In March 1998 VMGR-252 deployed two aircraft and crews to Brindisi, Italy for support of the 26 MEU in Operation Dynamic Response. The missions involved rapid ground refueling, aerial refueling and logistics movements in and out of the former Yugoslavia. In April, "Otis" deployed for 4 months to Incirlik, Turkey to provide combat search and rescue for Operation Northern Watch. June and July saw "Otis" supporting the 26 MEU in Operation Deliberate Falcon/Determined Force in Sigonella, Italy. Missions for this operation included fixed and helicopter refueling as well as assault support throughout the European theater. 1998 ended with VMGR-252 deploying to Incirlik, Turkey once again to support Operation Northern Watch.

During 1999 "Otis" continued its essential support by positioning Marines and their combat equipment to multiple locations in theater for Operation Noble Anvil/ALLIED FORCE. Sorties continued to be flown in support of OPERATION NORTHERN WATCH. Marine KC-130s became a common sight at many European airfields, among such include Aviano, Bari, Incirlik and Taszar. The squadron maintained a presence in theater providing aerial refueling and FISDU support throughout the duration of the NATO combat operations which include the spans of both 24 and 26 MEU. VMGR-252 support was also devoted to in CONUS for work up exercises for 22, 24, and 26 MEU.

VMGR-252 has been in continuous service for 72 years. The squadron has flown 30 different types of aircraft and since receipt of the first KC-130, has continued to achieve many firsts in Marine Corps Aviation. The first Night Vision Goggle landing in a Marine Corps KC-130 was accomplished by a squadron aircraft and crew in May 1990. The squadron is poised to accept the first KC-130J aircraft and employ night system upgrades to it's existing aircraft. To date, VMGR-252 has flown over 369,000 class-A mishap free flight hours in support of Marines and their missions around the World.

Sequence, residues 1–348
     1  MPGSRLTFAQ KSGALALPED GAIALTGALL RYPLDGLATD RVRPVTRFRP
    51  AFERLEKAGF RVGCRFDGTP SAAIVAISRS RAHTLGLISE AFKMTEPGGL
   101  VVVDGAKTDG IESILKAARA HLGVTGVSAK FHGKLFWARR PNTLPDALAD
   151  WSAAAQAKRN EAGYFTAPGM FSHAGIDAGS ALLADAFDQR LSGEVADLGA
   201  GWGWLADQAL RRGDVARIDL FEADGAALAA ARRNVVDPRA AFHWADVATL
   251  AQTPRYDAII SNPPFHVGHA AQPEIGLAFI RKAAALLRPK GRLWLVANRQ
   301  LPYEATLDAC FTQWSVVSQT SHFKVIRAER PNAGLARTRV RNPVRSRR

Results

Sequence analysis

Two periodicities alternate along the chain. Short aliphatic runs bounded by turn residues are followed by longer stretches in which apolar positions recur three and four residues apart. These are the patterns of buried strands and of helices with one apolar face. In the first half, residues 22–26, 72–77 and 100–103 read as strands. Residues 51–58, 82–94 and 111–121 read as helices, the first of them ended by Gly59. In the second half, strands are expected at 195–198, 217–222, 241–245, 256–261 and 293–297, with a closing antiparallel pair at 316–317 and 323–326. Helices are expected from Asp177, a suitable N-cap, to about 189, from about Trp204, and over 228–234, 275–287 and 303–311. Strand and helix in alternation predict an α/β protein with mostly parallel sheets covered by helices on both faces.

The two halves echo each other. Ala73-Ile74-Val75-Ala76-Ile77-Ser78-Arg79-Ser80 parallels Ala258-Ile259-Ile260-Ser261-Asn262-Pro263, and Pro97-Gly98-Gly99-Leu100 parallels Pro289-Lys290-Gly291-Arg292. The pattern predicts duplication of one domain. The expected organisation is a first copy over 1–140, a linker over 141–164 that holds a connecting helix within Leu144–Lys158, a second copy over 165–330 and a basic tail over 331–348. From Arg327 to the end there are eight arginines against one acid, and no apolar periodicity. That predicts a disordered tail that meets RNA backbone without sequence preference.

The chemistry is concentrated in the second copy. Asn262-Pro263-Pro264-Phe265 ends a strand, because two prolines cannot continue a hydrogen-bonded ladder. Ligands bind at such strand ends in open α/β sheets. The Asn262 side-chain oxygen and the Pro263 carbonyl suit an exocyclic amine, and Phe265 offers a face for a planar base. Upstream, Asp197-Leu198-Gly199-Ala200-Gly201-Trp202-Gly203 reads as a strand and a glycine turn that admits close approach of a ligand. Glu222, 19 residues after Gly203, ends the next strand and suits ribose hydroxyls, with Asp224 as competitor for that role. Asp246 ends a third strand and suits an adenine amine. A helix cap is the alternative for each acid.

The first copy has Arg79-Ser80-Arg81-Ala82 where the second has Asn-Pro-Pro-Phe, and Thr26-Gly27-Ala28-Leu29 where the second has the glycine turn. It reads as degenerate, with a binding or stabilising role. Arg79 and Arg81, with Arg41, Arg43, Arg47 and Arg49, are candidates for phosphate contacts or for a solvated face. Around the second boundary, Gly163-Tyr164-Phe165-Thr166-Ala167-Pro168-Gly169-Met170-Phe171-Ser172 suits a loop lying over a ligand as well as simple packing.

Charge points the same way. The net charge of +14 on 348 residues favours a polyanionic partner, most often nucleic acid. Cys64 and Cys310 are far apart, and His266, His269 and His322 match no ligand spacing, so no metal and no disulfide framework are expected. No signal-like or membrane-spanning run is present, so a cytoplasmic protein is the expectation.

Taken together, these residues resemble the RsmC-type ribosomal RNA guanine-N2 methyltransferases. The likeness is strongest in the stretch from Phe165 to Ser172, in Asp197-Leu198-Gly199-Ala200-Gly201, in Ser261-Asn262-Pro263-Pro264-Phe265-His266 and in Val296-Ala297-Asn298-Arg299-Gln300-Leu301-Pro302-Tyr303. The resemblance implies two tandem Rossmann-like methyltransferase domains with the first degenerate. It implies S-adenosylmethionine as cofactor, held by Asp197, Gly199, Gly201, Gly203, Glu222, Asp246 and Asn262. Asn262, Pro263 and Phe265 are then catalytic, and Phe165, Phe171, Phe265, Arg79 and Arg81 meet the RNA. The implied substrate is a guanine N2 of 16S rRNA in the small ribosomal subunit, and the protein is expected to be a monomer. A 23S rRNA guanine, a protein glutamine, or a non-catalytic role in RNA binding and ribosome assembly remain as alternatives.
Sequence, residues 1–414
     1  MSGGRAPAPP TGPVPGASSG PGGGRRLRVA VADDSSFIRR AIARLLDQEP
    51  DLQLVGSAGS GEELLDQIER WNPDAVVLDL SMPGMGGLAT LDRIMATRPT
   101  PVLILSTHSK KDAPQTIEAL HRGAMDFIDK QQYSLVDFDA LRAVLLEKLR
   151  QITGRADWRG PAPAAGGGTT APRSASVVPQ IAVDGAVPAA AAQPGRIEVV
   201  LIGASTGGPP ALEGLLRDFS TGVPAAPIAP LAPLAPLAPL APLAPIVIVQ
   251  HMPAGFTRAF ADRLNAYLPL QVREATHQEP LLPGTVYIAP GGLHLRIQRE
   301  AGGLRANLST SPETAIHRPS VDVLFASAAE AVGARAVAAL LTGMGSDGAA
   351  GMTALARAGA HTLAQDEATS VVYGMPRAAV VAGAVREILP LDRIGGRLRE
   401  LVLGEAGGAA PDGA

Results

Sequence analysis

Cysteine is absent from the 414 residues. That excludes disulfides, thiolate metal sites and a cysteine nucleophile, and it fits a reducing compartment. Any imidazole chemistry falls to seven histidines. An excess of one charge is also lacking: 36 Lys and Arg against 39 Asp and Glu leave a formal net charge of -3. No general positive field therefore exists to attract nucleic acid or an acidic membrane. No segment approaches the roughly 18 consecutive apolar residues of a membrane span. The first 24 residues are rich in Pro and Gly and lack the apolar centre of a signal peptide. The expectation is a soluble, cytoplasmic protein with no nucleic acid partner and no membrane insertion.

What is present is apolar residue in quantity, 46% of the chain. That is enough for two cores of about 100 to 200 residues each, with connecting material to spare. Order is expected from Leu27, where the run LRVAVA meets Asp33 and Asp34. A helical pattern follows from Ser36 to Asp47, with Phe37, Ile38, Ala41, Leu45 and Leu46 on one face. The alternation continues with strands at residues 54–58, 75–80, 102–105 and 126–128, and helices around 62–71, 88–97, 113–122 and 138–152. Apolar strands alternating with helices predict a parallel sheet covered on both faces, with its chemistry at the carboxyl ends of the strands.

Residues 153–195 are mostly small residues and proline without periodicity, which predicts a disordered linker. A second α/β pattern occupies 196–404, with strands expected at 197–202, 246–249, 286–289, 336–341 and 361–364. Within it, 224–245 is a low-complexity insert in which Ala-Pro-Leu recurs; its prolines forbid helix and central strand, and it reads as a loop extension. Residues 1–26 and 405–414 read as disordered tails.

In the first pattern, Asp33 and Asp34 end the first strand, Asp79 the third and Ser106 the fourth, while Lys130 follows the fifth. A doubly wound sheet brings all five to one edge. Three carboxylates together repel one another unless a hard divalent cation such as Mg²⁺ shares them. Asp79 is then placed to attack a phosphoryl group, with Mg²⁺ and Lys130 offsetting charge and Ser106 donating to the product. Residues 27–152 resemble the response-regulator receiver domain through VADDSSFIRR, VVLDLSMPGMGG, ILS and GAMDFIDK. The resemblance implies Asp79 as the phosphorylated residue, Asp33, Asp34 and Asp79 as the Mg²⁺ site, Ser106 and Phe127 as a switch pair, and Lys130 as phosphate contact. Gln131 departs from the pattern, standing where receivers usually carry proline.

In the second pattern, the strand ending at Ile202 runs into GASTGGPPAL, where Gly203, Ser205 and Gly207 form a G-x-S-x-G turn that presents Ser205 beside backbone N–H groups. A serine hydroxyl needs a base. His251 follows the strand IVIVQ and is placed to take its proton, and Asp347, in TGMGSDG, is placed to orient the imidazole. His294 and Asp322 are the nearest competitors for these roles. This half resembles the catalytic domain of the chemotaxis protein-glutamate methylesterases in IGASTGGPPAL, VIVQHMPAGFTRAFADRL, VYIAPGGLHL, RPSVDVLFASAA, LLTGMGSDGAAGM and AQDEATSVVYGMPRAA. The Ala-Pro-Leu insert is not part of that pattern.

The mission of VMGR-252, the oldest continually active squadron in the history of the Marine Corps, is to provide assault transport of personnel, equipment, supplies, and to provide aerial refueling service to fixed and rotary wing aircraft. Special tasks of the squadron are performed day and night, in all weather conditions. The squadron strength varies, but it includes approximately 240 enlisted Marines, 50 officers, and 14 aircraft.